November 21, 1892
This game was played at Northwich on Saturday, in wretched weather, rain falling heavily most of the time. The ground was a perfect quagmire, pools of water, intermixed with sawdust and mud, being the prevailing features, and Liverpool lodged a protest. Through some doubt as to the qualification of the brothers McQueen, the Liverpool committee left them out, McQue and Kelvin taking their places.
Northwich Victoria: John Gow, Thomas Scanlan, George Postles, Bob Ramsay, W. Crozier, Jesse Stanley, Josh Hargreaves, Patrick Finnerhan, Harry Bradshaw, Robert Macbeth, Harry Fecitt.
Liverpool: Sydney Ross, Andrew Hannah, Duncan McLean, John McCartney, Joe McQue, James McBride, Thomas Wyllie, Jock Smith, John Miller, Malcolm McVean, Andrew Kelvin.
Bradshaw started the game, and the home team were the first aggressors, a foul in goal giving them an excellent opportunity, but Crozier put the ball through. Wyllie then raced up the right, but Scanlon cleared in grand style. McLean returned, and after a most exciting “bully” in goal the ball was put out to Wyllie, who shot through, after about ten minutes’ play.
Miller and McVean then made a pretty run, but Miller slipped when getting into position. Postles next gave to Ramsey, that player putting in a grand shot, which Hannah only partially cleared, McLean came to the rescue. Smith threaded his way through the opponents, only to be robbed by Scanlon, through sticking to the ball too long.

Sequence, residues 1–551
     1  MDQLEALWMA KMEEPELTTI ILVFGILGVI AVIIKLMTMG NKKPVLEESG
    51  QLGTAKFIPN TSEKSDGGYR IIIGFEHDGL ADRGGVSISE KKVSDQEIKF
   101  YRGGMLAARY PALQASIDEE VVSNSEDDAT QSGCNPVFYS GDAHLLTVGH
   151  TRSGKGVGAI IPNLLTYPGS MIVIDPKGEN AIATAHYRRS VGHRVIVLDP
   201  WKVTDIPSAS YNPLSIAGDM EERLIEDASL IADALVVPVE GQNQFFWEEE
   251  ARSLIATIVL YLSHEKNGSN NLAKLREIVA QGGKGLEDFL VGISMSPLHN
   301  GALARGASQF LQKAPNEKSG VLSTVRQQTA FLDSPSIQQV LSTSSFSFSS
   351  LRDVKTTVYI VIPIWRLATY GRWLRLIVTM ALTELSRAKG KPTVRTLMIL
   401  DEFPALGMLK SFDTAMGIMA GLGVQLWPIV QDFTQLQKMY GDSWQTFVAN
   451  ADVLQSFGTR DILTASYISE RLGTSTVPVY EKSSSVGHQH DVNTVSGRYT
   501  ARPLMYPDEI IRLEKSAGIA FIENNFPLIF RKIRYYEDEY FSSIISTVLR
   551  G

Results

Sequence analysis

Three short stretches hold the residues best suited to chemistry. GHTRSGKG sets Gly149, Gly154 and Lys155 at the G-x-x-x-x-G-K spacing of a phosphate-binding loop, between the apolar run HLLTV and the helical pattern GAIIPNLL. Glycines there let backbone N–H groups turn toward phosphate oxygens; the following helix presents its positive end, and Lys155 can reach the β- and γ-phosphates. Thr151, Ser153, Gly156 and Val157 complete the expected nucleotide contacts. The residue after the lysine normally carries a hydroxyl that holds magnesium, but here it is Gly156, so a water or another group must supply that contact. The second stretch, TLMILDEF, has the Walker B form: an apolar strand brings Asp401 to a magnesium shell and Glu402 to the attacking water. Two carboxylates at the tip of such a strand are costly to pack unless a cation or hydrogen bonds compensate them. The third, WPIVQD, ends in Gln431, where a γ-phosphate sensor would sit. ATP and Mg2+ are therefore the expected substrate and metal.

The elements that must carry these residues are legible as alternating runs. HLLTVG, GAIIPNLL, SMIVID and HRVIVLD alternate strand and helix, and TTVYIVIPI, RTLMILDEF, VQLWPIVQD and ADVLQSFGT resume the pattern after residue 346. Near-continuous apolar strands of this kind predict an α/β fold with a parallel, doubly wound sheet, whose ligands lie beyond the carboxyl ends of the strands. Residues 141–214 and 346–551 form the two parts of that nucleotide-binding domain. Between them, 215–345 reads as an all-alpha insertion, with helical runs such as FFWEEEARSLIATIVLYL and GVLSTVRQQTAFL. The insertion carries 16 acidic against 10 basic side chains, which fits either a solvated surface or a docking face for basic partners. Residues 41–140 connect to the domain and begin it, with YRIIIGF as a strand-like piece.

Fecit, who had given Hannah some trouble previously, ran down on the left. McCartney pulled him up and passed to Miller, but Crozier was too quick for him and shot over to his right wing, Hargreaves slipping past McLean like an eel, and Fecit, lying handy, safely put the ball into the net from Hagreaves’ centre.
This unexpected success was greeted with frantic cheers by the crowd, as up to this point Liverpool were by far the better team, and had the most of the play.
Cheered on by the shouts of their supporters the home team were again hovering around Hannah, McLean, and Ross. Eventually McVean and Kelvin relieved by a good run on the left, but Kelvin’s final shot was extremely weak.
By long passing and sharp following up Hargreaves fastened on to the ball and centred, and an exciting scrimmage was formed in the Liverpool goal, from which Fecit landed goal number two. This second success gave the home team an incentive to play up, and the game became fast and furious.
Wyllie, Miller, and Kelvin giving Gow, the home custodian, several hot shots, which he successfully cleared.
Again Liverpool bombarded the home goal, McBride putting a teaser in, and Wyllie supplementin with one which just topped the bar. From a pass by McBride Miller scored a capital goal, but Mr. Lewis gave him offside. Postles, the back, played the ball, but the referee was too far away to be sure of it, and consequently Liverpool lost a legitimate point.
As time drew near each team made strenuous attempts to score, the play becoming most exciting as Gow fisted out shot after shot, and the Ross doing ditto at the other end. Urged on by the onlookers the home team much improved during the last few minutes, and kept Liverpool from being dangerous, and so a fast and fiercely contested game ended in a win for Northwich by 2 goals to 1.
(Liverpool Mercury: November 21, 1892)